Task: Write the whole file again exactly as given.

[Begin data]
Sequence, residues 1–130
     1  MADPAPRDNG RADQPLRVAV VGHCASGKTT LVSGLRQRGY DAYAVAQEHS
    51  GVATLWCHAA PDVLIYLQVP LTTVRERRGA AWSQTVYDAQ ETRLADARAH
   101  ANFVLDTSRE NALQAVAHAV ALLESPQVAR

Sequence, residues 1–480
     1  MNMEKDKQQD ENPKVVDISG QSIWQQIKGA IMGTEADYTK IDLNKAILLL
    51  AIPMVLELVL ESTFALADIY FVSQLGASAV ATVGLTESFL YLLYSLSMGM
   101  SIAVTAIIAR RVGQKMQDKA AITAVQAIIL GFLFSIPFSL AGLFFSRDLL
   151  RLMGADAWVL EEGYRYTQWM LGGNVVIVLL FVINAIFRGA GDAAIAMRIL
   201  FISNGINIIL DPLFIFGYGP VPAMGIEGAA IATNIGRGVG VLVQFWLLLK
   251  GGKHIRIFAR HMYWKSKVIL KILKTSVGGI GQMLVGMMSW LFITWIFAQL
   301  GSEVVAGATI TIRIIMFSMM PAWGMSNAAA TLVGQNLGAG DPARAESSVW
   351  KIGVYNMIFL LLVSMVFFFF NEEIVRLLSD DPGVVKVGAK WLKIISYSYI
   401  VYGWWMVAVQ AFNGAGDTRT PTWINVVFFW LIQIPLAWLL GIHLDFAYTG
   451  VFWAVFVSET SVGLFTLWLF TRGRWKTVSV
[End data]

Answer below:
Sequence, residues 1–130
     1  MADPAPRDNG RADQPLRVAV VGHCASGKTT LVSGLRQRGY DAYAVAQEHS
    51  GVATLWCHAA PDVLIYLQVP LTTVRERRGA AWSQTVYDAQ ETRLADARAH
   101  ANFVLDTSRE NALQAVAHAV ALLESPQVAR

Sequence, residues 1–480
     1  MNMEKDKQQD ENPKVVDISG QSIWQQIKGA IMGTEADYTK IDLNKAILLL
    51  AIPMVLELVL ESTFALADIY FVSQLGASAV ATVGLTESFL YLLYSLSMGM
   101  SIAVTAIIAR RVGQKMQDKA AITAVQAIIL GFLFSIPFSL AGLFFSRDLL
   151  RLMGADAWVL EEGYRYTQWM LGGNVVIVLL FVINAIFRGA GDAAIAMRIL
   201  FISNGINIIL DPLFIFGYGP VPAMGIEGAA IATNIGRGVG VLVQFWLLLK
   251  GGKHIRIFAR HMYWKSKVIL KILKTSVGGI GQMLVGMMSW LFITWIFAQL
   301  GSEVVAGATI TIRIIMFSMM PAWGMSNAAA TLVGQNLGAG DPARAESSVW
   351  KIGVYNMIFL LLVSMVFFFF NEEIVRLLSD DPGVVKVGAK WLKIISYSYI
   401  VYGWWMVAVQ AFNGAGDTRT PTWINVVFFW LIQIPLAWLL GIHLDFAYTG
   451  VFWAVFVSET SVGLFTLWLF TRGRWKTVSV